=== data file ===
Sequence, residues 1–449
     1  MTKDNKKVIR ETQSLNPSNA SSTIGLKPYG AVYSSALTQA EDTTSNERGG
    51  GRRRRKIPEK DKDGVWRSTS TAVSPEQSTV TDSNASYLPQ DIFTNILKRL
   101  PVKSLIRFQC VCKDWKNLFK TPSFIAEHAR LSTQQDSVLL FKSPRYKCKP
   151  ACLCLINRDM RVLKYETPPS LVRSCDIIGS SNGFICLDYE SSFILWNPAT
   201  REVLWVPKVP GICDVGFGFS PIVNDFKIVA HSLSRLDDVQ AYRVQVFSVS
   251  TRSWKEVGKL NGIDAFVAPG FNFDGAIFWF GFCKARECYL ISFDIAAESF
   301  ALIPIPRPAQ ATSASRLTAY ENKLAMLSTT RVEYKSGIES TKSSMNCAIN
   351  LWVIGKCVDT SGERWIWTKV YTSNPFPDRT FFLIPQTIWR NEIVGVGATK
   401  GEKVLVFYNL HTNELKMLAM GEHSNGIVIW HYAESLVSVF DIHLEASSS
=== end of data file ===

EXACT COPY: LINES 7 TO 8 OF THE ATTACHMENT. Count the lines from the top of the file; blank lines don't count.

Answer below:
   251  TRSWKEVGKL NGIDAFVAPG FNFDGAIFWF GFCKARECYL ISFDIAAESF
   301  ALIPIPRPAQ ATSASRLTAY ENKLAMLSTT RVEYKSGIES TKSSMNCAIN